As another example, there might be a patient with locally advanced disease who has been given a recommendation for surgery but for whom surgery is probably unlikely to get rid of all his local disease. That patient would want to know that external beam radiation therapy would be a better option, perhaps in combination with hormone therapy.
It's not uncommon for men with poorly differentiated cancer, cancer that under the microscope looks more aggressive, to get a recommendation to have a seed implantation. Based upon the literature, we know seed implantation does not work as well as external beam radiation therapy or surgery for patients with poorly differentiated cancers. Again, it's not that the patient couldn't choose to have a seed implantation. It's just that he should clearly understand the implications of that choice relative to the likelihood that it will cure his cancer.
Q. How do you tell your doctor you want a second opinion?I just encourage patients to be up front about it. I think physicians in general are quite understanding of patients’ desire to get a second opinion.
Most physicians want their patients to make a good decision and to be comfortable with the choice they have made. Part of that process is to offer patients a second opinion on a routine basis. I think a second opinion has value irrespective of where that patient ultimately chooses to have his care delivered. In many cases, the patient will go back to the primary diagnosing physician and have his care delivered there.
Again, just speak openly and honestly about it. I think it really strengthens the relationship between the patient and the individual physician.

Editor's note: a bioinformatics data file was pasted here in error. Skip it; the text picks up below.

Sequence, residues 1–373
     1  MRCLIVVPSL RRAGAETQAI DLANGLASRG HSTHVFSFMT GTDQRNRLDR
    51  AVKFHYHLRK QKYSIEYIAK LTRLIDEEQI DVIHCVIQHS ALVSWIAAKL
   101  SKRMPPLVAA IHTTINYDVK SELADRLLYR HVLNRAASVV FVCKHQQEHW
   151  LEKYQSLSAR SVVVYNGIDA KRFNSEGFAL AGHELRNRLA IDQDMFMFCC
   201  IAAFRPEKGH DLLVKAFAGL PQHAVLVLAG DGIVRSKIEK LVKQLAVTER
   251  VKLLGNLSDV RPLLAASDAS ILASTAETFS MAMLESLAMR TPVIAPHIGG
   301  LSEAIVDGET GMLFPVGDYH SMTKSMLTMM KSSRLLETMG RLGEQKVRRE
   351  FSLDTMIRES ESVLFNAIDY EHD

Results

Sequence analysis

Q. Does health insurance cover second opinions?I think insurance for a diagnosis of cancer typically does cover a second opinion. The caveat to that is that I’m no insurance expert.
Q. Nationwide, are there many second opinion programs for prostate cancer?I think one needs to separate what exists informally in most academic medical centers (“If you want a second opinion, we’re happy to see you”) from those programs that have been formalized and thought about and put together in a rational and patient-friendly design.
There are some things that distinguish our program. We’ve really tried to structure it so that it’s accessible, it’s patient-friendly, it gets you to see the experts you need to see in a timely fashion, and it encompasses all the important physician medical specialists who are involved in prostate cancer disease management.
At Froedtert & Medical College of Wisconsin, all of the various specialists are under one roof, so you can come here and conceivably see all the partners in one day if you had to. The user-friendly part is that there is a single phone number to call and there is a care navigator who walks you through the process. We’ve really tried to structure this in such a way as to obviate some of the anxiety of (a) the diagnosis, (b) simply seeing the doctor and (c) coming to a new institution that you may not have been to.
Author: William A. See, MD
Source: Every Day
Date: August - December 2005